Photo of Russell Jackson

Russell grew up in a rural Missouri town of 5,000 people. There were 103 people in his high school’s graduating class.

But he spent 23 years practicing law in NYC, beginning at Cravath and spending the majority of his career at Skadden, where he was a partner in the Mass Torts Group. He returned to Missouri, and now is a partner at Dowd Bennett LLP in St. Louis.

Russell loves St. Louis, so don’t even think about saying anything bad about it! He enjoys the world-class arts institutions here, and that they are freely accessible to the public. Russell served as the Chairman of the Board of Jazz St. Louis, a 501(c)(3) organization that presents internationally-known musicians on its stage and uses professional jazz musicians to teach area youth how to play jazz. He is a trustee of the St. Louis Public Library Foundation, and is on the board of Friends of St. Louis Public Radio.

This isn’t Russell’s first blog. In 2010 and 2011, the ABA Journal included his blog “Consumer Class Actions and Mass Torts” as among its “Blawg 100.” Russell also wrote a column on products liability for the National Law Journal for 19 years. 

Russell is an elected member of the American Law Institute and has taught aggregate litigation as an adjunct professor at Washington University in St. Louis for the last decade. Previously he taught products liability as an adjunct professor at Brooklyn Law School and Fordham University School of Law. He also is a former Chairman of the Products Liability Committee of the New York City Bar Association.

So I have been deficient. One of my goals is to show you the incredible range of entertainment that is available in St. Louis, and I had promised a periodic post about shows and concerts I have seen here. But my last such post was in October. This is a catch-up post–and for those of

Too often defendants with a national presence fail to assert a personal jurisdiction defense to class actions. A decision from the Eastern District of Missouri demonstrates why all defendants—even those with a national presence—should take care to consider personal jurisdiction as a first line of defense. See Jones v. Papa John’s Int’l, Inc., 2023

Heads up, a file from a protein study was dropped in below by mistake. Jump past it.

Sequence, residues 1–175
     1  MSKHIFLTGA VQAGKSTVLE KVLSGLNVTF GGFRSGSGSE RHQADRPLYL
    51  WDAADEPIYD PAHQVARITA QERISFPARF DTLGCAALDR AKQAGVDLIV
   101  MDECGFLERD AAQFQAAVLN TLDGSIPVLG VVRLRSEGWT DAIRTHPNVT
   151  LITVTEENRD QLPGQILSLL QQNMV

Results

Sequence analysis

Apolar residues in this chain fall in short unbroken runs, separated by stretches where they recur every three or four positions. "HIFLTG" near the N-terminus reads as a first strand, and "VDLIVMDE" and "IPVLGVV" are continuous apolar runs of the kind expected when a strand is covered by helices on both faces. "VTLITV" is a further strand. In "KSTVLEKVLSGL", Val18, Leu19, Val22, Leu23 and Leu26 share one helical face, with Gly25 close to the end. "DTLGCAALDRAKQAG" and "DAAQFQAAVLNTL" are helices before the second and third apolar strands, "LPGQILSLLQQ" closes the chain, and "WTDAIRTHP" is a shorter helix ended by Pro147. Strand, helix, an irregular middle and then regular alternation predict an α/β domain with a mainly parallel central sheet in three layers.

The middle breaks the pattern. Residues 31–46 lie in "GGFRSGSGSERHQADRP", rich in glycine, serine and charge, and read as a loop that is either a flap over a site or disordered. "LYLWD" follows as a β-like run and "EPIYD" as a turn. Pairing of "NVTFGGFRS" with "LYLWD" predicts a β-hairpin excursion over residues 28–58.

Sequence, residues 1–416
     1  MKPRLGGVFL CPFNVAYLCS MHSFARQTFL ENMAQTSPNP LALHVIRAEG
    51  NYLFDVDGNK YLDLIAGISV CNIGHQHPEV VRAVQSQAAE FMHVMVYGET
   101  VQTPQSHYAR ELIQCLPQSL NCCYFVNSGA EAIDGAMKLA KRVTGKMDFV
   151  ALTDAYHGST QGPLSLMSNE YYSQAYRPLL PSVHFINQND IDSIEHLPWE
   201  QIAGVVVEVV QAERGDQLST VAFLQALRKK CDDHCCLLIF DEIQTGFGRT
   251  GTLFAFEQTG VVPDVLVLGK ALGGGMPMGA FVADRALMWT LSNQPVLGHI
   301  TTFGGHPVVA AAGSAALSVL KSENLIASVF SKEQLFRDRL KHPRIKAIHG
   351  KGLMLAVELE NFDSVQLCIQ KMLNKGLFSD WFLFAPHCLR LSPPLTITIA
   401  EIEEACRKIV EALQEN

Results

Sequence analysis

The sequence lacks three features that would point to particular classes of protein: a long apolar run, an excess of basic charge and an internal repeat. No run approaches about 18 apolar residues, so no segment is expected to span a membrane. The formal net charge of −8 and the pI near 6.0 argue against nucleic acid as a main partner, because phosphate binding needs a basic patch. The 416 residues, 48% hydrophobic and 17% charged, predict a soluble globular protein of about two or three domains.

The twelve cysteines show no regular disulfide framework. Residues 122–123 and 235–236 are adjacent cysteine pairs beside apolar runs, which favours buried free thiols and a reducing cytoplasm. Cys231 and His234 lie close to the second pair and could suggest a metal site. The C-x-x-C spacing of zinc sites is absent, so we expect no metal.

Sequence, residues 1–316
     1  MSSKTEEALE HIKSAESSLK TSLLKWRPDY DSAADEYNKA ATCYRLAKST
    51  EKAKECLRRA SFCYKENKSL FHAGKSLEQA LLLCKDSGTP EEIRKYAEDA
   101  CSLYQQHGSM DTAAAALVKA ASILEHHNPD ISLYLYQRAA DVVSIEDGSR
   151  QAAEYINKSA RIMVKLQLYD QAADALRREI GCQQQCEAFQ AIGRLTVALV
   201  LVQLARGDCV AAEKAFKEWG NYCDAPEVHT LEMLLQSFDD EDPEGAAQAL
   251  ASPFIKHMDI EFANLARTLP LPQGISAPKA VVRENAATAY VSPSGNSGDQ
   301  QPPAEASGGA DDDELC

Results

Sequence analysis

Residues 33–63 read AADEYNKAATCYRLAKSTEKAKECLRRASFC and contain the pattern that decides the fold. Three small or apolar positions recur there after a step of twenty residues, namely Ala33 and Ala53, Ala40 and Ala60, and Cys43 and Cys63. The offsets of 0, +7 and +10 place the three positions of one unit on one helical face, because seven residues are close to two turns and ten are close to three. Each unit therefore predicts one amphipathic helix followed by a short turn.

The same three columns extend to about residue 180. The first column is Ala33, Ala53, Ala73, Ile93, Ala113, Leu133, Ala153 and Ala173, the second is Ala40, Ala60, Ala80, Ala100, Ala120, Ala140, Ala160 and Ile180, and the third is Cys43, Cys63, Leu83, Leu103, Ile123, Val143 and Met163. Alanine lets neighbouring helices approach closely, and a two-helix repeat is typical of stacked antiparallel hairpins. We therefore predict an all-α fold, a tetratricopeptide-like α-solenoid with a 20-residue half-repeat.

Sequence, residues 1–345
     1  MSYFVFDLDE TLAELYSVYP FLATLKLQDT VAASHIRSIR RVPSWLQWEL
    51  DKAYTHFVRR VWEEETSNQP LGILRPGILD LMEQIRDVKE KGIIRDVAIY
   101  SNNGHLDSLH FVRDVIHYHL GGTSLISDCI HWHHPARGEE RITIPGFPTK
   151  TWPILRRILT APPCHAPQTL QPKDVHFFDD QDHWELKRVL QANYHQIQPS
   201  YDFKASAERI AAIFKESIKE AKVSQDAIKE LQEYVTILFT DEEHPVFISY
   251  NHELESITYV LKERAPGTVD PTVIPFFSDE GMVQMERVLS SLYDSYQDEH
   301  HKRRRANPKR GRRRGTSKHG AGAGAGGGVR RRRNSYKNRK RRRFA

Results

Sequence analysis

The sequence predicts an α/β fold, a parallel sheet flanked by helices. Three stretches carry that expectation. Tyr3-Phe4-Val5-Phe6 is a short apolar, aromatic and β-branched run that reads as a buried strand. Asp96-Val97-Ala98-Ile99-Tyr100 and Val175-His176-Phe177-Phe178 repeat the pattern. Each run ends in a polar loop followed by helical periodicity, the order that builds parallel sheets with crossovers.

Ordinarily I don’t blog about decisions in cases where I or my firm represented a party. But this decision seems to have slipped through West’s fingers, so I’ll include it here with minimal commentary in case it may be of use to someone.

In this federal decision from the Western District of Missouri, the plaintiff

Wystan Ackerman has a post about an interesting class action situation: If you succeed in knocking out the named plaintiff in a putative class action because his claim was not timely, can a new plaintiff with a timely claim intervene in that suit to preserve the putative class’s statute of limitations period from the time

Increasingly companies are investing in environmental sustainability, reducing their greenhouse gas emissions, making their production facilities and distribution systems more energy efficient, and otherwise conserving vital resources like water. Sometimes companies purchase “credits” to offset things like greenhouse gas emissions. And often they work with private organizations that evaluate a company’s efforts and issue a

Last week I attended the ABA’s National Class Actions Institute in Chicago. If you weren’t there, you really missed out. The annual Institute is one of the few CLE programs with attendance that is evenly divided between the Plaintiff and Defense bars. The presenters are all at the top of their game, and their candor

I am always reminding my students that there is more than one way to make an argument, and if you are foreclosed from one route, you can always take another. For example, how do you defend against class claims brought by people who have not suffered any real injury? Most people initially would say “challenge